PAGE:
Is running barefoot right for you?

The biggest fad in running today is the minimalist running movement. You may be wondering:

Is barefoot running good for me? What is the best way to run? How should my foot hit the ground when I run? This continues to be topic of debate among many runners.

There are several different parts of the minimalist running movement including barefoot running, barefoot shoe running, minimalist shoe running and forefoot strike running.

These are all basically parts of the same theory, that running with less shoe (compared to a conventional running shoe) and landing on the ball of your foot (instead of the heel) is more natural and results in less stress on your joints.

Let’s start by saying that we believe you should run however you want to run. Having said this, it’s important to address some of the myths and misinformation about the differences between the different running shoes and theories.


Myth 1: Running barefoot or with a minimalist shoe and landing on the ball of the foot puts less stress on your joints.

Truth: The force of your body hitting the ground is the same whether you land on your heel or your forefoot. You can’t fight gravity!

What does change slightly is how the force is dispersed. Some studies have shown that forefoot strikers put slightly less stress on their knees when running because the impact is not directed straight up the leg as with a heel strike.

Despite this possible benefit, however, you must remember that the force is still there, it just gets distributed more throughout the joint of the foot and ankle. You also exert more energy by landing on your forefoot because muscles must activate to keep the foot stable while the heel is off the ground. So, at best, the “less force” argument in favor of minimalist running is a wash.

Myth 2: Running barefoot and on the ball of the foot is the way man was meant to run.

Truth: This may be true; if you walked around barefoot your entire life, only short distances, ran very fast and/or don't weight much more than 100 lbs. However, most of us don’t fit into these criteria. We live in a shoed society, and are in shoes for most of our walking lives.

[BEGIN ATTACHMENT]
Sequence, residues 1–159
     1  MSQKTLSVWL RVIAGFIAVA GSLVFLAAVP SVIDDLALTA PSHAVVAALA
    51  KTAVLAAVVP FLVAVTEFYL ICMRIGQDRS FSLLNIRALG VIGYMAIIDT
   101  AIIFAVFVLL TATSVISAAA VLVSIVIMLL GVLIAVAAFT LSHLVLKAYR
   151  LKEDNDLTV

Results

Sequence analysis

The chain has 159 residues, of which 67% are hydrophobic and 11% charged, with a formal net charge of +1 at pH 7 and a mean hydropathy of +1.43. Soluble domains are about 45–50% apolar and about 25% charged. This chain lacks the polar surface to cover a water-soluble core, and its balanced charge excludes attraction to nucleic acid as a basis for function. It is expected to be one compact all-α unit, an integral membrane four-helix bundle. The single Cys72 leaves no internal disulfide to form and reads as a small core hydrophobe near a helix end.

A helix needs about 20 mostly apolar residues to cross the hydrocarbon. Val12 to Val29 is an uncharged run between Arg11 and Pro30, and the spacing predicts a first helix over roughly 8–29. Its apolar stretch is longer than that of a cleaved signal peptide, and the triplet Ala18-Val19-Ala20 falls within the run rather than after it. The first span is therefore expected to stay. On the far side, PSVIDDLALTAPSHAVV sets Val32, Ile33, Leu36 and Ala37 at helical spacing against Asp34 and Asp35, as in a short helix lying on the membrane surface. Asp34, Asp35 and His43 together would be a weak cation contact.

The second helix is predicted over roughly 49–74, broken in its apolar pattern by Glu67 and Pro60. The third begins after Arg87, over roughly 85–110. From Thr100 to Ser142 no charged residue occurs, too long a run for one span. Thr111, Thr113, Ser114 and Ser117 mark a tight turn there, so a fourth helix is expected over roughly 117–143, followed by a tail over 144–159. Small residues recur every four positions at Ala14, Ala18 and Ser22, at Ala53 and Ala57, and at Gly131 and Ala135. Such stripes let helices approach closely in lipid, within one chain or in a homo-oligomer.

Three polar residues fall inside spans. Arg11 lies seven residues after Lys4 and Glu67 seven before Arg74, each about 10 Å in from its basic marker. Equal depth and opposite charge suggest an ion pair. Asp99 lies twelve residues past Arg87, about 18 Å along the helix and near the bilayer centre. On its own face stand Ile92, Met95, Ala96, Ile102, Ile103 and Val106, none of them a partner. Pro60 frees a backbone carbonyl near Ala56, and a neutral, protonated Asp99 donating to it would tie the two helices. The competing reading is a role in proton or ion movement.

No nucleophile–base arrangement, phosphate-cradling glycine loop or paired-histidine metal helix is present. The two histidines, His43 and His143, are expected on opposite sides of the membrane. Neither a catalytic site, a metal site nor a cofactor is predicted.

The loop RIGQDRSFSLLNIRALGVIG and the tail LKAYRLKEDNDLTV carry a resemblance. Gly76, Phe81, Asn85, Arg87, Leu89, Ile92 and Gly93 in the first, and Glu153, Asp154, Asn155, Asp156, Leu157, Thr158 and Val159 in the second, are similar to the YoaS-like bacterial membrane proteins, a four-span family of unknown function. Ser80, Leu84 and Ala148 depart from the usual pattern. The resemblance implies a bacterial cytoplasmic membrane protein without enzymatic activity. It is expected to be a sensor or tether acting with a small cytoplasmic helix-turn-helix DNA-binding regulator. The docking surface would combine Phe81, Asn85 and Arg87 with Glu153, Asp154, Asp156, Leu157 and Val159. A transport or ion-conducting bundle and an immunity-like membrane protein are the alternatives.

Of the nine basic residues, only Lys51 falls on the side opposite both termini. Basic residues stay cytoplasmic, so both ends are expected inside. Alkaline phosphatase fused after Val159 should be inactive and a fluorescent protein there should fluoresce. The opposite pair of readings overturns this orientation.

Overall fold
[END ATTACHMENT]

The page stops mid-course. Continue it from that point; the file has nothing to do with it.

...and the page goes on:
Without practice we would have difficulty running more than a quarter of a mile without our heel hitting the ground. If you’re running much farther than that, and running at no faster than a six minute mile pace, chances are it’s easier and more natural for you to land on your heel and “roll” forward-just like walking only a little faster.

Myth 3: Minimalist shoes are better for your feet because they encourage you to land on the ball of your foot.

Truth: You can have your foot land however you want it to land in whatever shoe you are wearing!

Minimalist shoes are lighter and more flexible, but there’s certainly nothing magical about them. They have less support and shock absorption capability than traditional running shoes. As a result your muscles have to work harder while you’re running in them, which can lead to a greater risk of injury.

In addition, guess what happens to forefoot-strike runners as they start to get tired? They may still land on their forefoot, but the heel starts to come down to the ground. In many minimalist shoes the heel is actually lower than the forefoot. Your heel hitting the ground in a shoe like that is a recipe for disaster!

Putting all of this into perspective, what is the take-home message? Is there a place for minimalist, forefoot-strike running? We believe that, for most runners, the answer is to run however it feels natural for you to run.

You shouldn’t have to think about how your foot is going to hit the ground – just run!

For most people, including those who are jogging a few items a week for exercise, 5K and 10K road warriors, or even avid marathoners, this means running heel-toe in a conventional running. There are a small percentage of people who will naturally land on the ball of their foot as a result of their foot structure, but that’s it.

Is there a place for minimalist running?

Sure. More serious runners who are looking to improve their races time can benefit from incorporating minimalist shoes or running barefoot on a soft surface into their training program.

Any runner can improve foot and ankle strength and stability by using this type of training. The most important thing to remember is to not just “convert” and start doing all your running in this way. It’s very important that you start by doing only short workouts or small portions of a longer workout with this altered running style.

If you build into it gradually you are much less likely to sustain an injury. If you experience pain in your feet or legs after running barefoot, andyour pain it is not improving after rest, visit a sports medicine specialist.

Call Our Long Beach Podiatry Office to Schedule an Appointment

With two offices in Long Beach, the team at Sol Foot & Ankle Centers is always conveniently located to make things easy for you. We take pride in the fact that our offices run on time, and we even have Saturday appointments available if you can't make it in during the work week. Contact us today to schedule an appointment by calling 562-433-0478.

Richard H. Graves, DPM
Connect with me
Podiatrist, Sports Medicine Specialist
Post A Comment